Dear Members and Friends of The Dispatch,
First, as always, a thank you. We’re grateful for your continued interest and support.
To say that this is a new reality has already become a cliché. But it’s true. The coronavirus death toll in the U.S passed 50,000 and it’s climbing. There are nearly 1 million confirmed cases. About 26 million people have lost jobs. The Congressional Budget Office projects that the U.S. will return to an unemployment rate below 10 percent in late 2021—and that somehow feels optimistic.
Those are the big things, of course. We’ll continue to cover every angle of this story for the foreseeable future with the thoughtful, fact-driven original reporting and analysis that we hope you’ve come to expect. And then we’ll cover what follows.
We’ve heard from some of you wanting to know how we’re doing. So, a brief update: We’re a startup, of course, and in some respects the kind of economic contractions that we’re seeing will have an outsized impact on our budget and projections. We had planned, for instance, on a series of events that would have allowed us to interact in person with our members and readers, while helping to spread the word about The Dispatch and generating a significant chunk of revenue to allow us to grow and build. Those events were the biggest single revenue line in our 2020 budget and they aren’t happening, so those projections now go to zero. This could be a sizable hole in our income statement. At the same time, the market for advertising and sponsorships for podcasts has dried up considerably as companies pull back on marketing budgets.
That’s the bad news. But there’s good news, too, thanks to many of you. We’re excited to report that we are well ahead of our year-one projections on membership. Our original estimates projected 4,200 paying members at the end of 2020 and, as of today, we’re approaching 11,000 and growing steadily.
We are grateful. The resulting revenue has given us a very solid foundation for our day-to-day operations. Like so many small businesses across the country, we’ve carefully considered taking a loan through the Paycheck Protection Program. While we don’t begrudge anyone who has made a different decision, we decided against participating. The hardship provision of the law reads: “Current economic uncertainty makes this loan request necessary to support the ongoing operations of the applicant.” It’s a vague statement and others have interpreted its meaning broadly. We didn’t think it was a claim we could make in good faith. While these recent developments have certainly presented new challenges, we’re not in a position where we’ll have to lay off any of our 12 employees and, in fact, we’re even looking to add an executive editor and chief operating officer.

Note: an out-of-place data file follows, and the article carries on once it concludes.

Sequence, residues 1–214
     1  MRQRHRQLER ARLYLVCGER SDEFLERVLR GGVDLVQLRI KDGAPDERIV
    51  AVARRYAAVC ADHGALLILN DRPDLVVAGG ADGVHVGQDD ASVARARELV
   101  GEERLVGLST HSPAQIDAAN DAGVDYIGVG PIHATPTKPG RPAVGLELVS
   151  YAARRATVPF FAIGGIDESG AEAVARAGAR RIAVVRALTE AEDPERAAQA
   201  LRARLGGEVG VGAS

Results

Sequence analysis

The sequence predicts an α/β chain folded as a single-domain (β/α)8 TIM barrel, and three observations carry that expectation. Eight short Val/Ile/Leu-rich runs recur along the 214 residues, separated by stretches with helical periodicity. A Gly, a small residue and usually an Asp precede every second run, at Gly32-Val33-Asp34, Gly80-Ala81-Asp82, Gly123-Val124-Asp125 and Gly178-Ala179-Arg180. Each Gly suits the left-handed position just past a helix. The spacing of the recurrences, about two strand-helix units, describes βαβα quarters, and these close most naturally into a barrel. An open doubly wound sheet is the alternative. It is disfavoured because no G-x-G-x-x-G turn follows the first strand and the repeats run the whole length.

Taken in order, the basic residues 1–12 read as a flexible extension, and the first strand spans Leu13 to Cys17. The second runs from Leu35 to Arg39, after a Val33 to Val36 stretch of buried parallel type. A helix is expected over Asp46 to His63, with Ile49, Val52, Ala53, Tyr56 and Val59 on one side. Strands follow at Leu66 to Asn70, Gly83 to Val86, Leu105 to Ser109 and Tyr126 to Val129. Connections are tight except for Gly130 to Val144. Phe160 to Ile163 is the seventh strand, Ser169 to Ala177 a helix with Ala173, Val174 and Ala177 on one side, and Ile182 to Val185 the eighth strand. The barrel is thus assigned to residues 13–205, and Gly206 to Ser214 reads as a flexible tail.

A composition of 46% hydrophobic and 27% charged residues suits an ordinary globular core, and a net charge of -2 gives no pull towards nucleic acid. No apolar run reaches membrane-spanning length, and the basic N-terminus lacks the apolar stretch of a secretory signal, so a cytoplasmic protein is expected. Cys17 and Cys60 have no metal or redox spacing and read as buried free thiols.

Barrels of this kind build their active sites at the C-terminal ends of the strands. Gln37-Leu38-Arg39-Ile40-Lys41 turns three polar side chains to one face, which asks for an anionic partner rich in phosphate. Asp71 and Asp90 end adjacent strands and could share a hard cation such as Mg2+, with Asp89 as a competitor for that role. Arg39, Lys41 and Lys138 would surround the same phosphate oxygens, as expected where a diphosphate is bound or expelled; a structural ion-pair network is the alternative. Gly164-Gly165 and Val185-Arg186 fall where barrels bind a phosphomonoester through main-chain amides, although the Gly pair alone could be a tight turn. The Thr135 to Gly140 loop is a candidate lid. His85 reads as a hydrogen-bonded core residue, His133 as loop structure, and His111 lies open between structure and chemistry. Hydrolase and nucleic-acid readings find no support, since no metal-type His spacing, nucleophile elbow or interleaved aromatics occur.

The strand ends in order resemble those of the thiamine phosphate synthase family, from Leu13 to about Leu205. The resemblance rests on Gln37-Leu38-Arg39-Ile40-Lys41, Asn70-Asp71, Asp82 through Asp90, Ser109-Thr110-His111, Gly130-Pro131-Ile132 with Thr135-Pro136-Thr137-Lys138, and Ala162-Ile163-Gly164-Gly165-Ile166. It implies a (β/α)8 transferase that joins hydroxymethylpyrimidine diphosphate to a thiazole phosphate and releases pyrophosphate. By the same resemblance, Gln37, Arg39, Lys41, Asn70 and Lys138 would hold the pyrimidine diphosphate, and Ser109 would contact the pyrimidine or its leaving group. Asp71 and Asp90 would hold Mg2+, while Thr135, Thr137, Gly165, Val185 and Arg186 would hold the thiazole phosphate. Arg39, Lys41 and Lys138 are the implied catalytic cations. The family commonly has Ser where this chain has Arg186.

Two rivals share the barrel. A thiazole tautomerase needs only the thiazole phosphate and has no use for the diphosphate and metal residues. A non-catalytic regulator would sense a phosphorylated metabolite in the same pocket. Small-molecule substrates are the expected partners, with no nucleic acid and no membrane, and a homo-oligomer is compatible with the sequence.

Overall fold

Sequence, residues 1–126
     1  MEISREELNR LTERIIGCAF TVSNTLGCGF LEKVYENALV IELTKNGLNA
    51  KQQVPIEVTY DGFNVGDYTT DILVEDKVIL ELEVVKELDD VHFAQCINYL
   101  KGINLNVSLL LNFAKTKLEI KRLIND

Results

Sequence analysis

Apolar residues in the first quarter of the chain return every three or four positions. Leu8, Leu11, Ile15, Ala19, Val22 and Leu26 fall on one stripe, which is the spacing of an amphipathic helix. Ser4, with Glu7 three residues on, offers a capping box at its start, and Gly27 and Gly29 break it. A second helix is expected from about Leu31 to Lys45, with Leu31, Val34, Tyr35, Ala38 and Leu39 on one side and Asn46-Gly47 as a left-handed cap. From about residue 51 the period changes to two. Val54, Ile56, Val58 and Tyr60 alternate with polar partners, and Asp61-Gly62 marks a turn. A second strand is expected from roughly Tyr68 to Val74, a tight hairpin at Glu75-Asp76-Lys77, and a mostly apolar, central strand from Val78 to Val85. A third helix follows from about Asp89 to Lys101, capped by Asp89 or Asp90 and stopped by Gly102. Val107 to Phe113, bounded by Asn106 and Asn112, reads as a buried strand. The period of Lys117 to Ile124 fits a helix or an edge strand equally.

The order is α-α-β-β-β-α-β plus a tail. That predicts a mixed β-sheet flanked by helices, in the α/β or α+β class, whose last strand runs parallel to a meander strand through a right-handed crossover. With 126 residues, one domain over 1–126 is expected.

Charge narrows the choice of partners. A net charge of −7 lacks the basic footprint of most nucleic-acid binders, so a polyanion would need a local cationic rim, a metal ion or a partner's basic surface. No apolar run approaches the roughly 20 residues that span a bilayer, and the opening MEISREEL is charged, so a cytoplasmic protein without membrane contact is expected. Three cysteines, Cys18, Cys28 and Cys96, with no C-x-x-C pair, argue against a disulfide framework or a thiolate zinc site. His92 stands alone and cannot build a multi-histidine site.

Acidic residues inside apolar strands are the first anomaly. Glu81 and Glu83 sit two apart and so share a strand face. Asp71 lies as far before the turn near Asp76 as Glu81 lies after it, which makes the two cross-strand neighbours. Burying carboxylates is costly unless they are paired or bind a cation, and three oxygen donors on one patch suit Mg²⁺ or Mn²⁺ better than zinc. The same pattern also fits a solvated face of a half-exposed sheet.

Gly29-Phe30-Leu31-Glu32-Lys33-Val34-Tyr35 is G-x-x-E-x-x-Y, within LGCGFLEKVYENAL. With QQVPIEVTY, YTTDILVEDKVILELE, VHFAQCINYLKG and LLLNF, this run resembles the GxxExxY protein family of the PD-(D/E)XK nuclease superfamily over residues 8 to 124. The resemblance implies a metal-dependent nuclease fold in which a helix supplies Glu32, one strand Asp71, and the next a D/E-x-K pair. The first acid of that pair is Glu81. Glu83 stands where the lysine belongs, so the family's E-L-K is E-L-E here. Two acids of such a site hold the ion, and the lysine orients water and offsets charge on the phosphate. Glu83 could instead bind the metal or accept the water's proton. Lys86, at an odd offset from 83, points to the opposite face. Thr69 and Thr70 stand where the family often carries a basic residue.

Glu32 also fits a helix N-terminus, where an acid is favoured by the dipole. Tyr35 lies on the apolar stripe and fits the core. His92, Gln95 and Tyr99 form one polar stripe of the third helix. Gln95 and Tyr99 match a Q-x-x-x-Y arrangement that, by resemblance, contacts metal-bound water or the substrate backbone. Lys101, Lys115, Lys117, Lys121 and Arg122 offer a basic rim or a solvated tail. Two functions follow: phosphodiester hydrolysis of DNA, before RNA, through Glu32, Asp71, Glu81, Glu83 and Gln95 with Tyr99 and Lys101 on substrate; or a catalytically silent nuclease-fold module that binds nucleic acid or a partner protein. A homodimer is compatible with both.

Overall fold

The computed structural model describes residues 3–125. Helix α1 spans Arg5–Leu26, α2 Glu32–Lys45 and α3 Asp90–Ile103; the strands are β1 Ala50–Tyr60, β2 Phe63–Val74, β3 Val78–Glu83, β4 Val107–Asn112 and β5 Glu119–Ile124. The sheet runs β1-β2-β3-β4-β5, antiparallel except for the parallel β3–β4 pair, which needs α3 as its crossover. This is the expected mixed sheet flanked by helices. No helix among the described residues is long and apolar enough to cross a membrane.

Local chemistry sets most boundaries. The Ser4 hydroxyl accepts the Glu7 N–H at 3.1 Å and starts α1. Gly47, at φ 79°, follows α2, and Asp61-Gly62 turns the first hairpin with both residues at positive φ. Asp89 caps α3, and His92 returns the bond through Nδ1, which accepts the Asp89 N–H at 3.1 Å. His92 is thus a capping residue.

We’re also bullish on our continued growth for several reasons. In recent months, news consumers have shifted their attention away from partisan, hot-takey news organizations to outlets that emphasize facts in their reporting and analysis. And a recent comprehensive Nielsen study written up by Harvard’s Nieman Lab on Journalism shows that Americans are increasingly willing to consider paying for high-quality news they value.
We’re grateful that so many of you have chosen to become members and to support our slower, fact-driven journalism. We hope that those of you who have not yet joined but still find value in our work will consider doing so in the near future. Joining now will help ensure that we can continue to perform the work we’re doing every day and will allow us to grow from the solid foundation that we’ve built so far. If you can’t join right now—and we understand the need to watch every penny—please know that you can help us greatly by spreading the word about The Dispatch—sharing our work on Twitter or Facebook, liking us on Flipboard or other aggregators, subscribing to our podcasts or forwarding the any newsletter you find particularly compelling.
Thanks again for your support. We couldn’t do what we’re doing without you—literally.
Jonah, Toby, Steve, and The Dispatch team